"I have waited for my boyfriend."

Translation:Ho aspettato il mio fidanzato.

April 20, 2013



The word for is already mentioned in "aspettato". That means "waited for"... and you don't say "for" twice.

September 21, 2014


In Italy I have heard many times "Il mio ragazzo" for "My boyfriend"... So, is "Ho aspettato il mio ragazzo" correct or not?

April 20, 2013


Yes, it's correct ! but maybe without "il" in this case. "Ho aspettato mio ragazzo".

April 20, 2013


Why does the "il" have to be there? I thought for persons you quit the article?

November 14, 2014


I believe it's only for close family members in the singular. E.g., "mio fratello" but "i miei fratelli". I guess the convention doesn't apply to a boyfriend/fiancé, so "il mio fidanzato".

December 14, 2014


That's what I thought, too.

November 19, 2014


Curious as to why per is not needed to confirm "for" my boyfriend so it isn't just 'I waited my boyfriend'.

February 28, 2014


Yes, I wonder too. 'per' was required in the sentence 'I waited for two hours', but not here.

May 5, 2014


I wonder why 'aspettare' doesn't take 'essere' in the past tense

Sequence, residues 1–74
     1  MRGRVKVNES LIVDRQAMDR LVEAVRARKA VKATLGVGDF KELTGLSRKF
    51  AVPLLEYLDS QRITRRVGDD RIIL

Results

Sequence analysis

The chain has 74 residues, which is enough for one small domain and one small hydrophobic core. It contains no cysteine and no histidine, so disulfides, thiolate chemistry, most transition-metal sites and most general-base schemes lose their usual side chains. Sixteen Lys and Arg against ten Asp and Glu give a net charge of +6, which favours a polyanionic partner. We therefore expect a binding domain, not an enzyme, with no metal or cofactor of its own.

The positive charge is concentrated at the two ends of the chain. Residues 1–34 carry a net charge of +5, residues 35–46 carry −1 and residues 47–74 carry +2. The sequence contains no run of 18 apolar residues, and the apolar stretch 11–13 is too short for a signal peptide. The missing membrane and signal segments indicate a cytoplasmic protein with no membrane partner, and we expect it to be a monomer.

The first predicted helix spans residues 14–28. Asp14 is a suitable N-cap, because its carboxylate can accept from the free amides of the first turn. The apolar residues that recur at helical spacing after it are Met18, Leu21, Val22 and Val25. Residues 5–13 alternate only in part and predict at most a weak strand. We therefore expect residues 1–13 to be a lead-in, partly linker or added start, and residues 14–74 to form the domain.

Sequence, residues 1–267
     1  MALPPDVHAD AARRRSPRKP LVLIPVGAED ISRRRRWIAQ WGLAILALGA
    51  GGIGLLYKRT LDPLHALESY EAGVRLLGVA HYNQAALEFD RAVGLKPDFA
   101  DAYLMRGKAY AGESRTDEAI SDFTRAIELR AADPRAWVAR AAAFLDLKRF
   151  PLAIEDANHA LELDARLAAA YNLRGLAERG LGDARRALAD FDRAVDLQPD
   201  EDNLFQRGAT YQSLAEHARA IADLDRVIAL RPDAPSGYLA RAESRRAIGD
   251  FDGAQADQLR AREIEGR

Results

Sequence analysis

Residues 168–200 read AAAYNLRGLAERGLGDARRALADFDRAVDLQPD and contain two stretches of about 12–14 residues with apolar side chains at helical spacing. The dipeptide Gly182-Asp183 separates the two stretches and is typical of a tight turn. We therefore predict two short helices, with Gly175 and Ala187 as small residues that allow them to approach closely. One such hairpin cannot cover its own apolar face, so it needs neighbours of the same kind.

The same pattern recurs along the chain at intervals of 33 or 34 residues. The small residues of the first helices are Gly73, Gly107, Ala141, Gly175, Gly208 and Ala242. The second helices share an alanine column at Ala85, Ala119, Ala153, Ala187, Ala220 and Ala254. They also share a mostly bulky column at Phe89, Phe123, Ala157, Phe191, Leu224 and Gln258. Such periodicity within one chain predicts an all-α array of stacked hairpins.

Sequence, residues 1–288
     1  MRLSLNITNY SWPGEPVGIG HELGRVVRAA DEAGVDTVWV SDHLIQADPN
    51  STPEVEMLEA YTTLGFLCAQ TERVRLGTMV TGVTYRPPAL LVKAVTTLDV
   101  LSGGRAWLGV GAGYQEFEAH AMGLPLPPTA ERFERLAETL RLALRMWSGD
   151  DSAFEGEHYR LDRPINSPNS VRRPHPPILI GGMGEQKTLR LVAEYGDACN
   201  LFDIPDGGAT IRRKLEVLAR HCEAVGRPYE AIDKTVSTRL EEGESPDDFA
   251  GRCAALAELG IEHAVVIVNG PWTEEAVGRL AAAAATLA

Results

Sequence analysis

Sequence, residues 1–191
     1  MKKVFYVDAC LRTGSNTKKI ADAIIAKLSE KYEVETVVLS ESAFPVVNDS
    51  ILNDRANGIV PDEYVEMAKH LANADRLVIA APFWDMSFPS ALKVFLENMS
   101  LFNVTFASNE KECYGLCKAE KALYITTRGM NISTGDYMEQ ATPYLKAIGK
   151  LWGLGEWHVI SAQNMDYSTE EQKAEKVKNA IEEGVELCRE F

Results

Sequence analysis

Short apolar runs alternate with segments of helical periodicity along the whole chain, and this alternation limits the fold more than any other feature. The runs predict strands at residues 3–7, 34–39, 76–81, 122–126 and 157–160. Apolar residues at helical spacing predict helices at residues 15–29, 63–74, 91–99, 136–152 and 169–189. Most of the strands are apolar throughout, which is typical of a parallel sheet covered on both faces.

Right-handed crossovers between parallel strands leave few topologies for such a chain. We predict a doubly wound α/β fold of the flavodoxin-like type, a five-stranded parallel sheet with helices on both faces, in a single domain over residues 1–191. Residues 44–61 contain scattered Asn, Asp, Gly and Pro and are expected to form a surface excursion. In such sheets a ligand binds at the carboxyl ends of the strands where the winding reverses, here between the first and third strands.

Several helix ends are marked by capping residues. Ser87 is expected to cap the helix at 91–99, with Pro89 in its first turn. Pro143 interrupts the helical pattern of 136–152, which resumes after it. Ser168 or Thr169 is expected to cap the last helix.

October 5, 2014


Yes I wondered the same, as at first sight "aspettare" appears intransitive : you can't "wait something". However, if the meaning of aspettare is to "wait for" (as ihrma says above), then it is more naturally followed by a direct object: aspettare = "to wait for ... " (something). In this case it is transitive and takes avere. I think the same might apply to "ridere", which also takes avere : "Ho riso". So "ridere" probably strictly speaking means "to laugh at ... (something)"; e.g., "Ho riso tua battuta". This is just my guess, would be good to hear from others...

April 30, 2016


Why won't you accept "ragazzo"? Not only is it what I have learnt, it's what my dictionary says and that doesn't give any meaning for "fidanzato" other than fiancé.

March 1, 2019
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